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George (Koby) Osei-Mensah

“The students are so engaged. They ask great questions. I had thought that kind of high-level thinking only happened in college.”

As a child growing up in Ghana, Koby never envisioned that he would one day become a teacher. Yet he was constantly teaching. “I always loved helping other people find more success in their academic work. I would gather my younger siblings and other kids who lived (nearby) so I could tutor them, give them help in math and science.  In fact, I did it so much, they called me ‘Teacher Koby.’”  Still, according to Koby, it was expected in his culture that, as an intelligent young person, “I would become a doctor, an engineer, or a lawyer. There was not a lot of choice.”  

That intelligent young person was in his second year of high school when he was selected by the Ghanaian government to receive one of three scholarships offered nationwide to attend one of the United World Colleges (UWC). Koby went to UWC Atlantic College, located in Llantwit Major, Wales, where he completed high school with an International Baccalaureate. “I almost said no at the time, because I wanted to stay in Ghana and go to medical school.” Koby reflects. His dad, a poultry farmer, encouraged him to accept the offer. “He told me, ‘There’s more to the world than just Ghana. So, why not avail yourself to this opportunity? Give it a shot.’”

Living in England was a bit of a culture shock, but Koby loved the international environment and made friends from all over the world. And he once again found himself tutoring and giving lessons to local kids.

It was at UWC that Koby discovered his love of chemistry. “During my senior year, we did a project where we turned used vegetable oil from the dining hall into bio-diesel. And I thought it was the coolest thing. Something that was going to be thrown away could be turned into something useful,” he recalls. “It got me really excited about science. I never looked back. I wanted to learn more.”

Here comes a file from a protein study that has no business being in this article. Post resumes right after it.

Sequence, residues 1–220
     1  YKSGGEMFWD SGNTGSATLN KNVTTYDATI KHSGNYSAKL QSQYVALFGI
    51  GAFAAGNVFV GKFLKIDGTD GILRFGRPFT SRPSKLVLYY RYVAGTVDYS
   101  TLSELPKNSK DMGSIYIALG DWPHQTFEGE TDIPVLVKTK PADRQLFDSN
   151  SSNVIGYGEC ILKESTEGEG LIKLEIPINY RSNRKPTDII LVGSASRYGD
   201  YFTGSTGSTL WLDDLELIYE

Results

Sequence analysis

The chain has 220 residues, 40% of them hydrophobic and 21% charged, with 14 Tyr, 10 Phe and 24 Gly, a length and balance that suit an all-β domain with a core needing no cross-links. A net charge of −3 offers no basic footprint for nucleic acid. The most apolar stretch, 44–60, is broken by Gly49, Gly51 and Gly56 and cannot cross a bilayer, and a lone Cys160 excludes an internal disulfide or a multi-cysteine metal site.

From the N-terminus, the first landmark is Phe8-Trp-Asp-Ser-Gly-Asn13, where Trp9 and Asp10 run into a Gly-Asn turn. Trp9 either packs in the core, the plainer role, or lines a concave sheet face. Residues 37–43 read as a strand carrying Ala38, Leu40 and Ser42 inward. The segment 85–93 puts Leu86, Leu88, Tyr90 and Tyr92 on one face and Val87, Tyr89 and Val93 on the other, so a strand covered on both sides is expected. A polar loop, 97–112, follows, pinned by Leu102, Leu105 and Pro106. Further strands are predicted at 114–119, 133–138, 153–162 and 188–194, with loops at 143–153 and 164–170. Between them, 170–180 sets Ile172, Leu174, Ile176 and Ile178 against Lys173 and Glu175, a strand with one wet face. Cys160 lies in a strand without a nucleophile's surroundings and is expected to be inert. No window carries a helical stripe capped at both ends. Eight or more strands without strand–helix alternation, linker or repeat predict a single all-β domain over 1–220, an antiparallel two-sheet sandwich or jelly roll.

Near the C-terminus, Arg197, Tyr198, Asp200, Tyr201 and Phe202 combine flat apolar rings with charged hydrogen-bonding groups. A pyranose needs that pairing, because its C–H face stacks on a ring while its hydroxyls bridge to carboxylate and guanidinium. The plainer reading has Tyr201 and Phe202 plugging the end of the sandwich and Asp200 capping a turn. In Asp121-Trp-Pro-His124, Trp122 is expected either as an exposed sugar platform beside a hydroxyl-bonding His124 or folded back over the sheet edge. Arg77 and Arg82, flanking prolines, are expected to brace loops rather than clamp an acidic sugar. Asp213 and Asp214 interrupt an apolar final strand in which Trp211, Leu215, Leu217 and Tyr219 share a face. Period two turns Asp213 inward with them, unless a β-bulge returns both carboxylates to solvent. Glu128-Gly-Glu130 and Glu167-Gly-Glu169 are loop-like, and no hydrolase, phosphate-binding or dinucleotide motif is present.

After high school, Koby attended Middlebury College during which time he spent a year in Berlin, Germany, where he did an internship with a chemical company and honed his German-language skills, an important language in the field of chemistry.

Koby considered going into industry and working as a chemist. However, in his senior year at Middlebury, he learned about Teach for America when the organization made a presentation at the college.

After graduating from Middlebury, Koby taught in a large public school in Houston, Texas, through the Teach for America program. He loved the experience, but the large class sizes and lack of resources presented many challenges. He came to Loomis Chaffee the following year.

It was in Houston that Koby first started calling his students “world-class chemists,” something he still does with his Loomis Chaffee students. “The students always respond well to this,” he says. “It makes them believe in themselves, like they know that what they are doing is important, that they can see themselves as chemists, not just students studying chemistry.”

Since coming to Loomis in 2011, Koby has completed a master’s degree in chemistry, focusing on medicinal chemistry, and has developed a Loomis Chaffee course in Organic Chemistry, a subject rarely taught at the high school level. He is excited by his daily work sharing a field he loves with his students. “The students are so engaged. They ask great questions. I had thought that kind of high-level thinking only happened in college,” he says.

Koby values giving students hands-on experiences in the lab and helping them to explore solutions “that make the world better. I want to make it relevant for them.” Recently, his classes have been studying the structure of anti-viral drugs such as those used against the virus that causes COVID-19 to better understand how and why they work.

“Every single day, a student will say something that I’ve never heard before, that I’ve never thought about before. Every single day,” he says. “I am always learning from them. That energizes me and keeps me going.”


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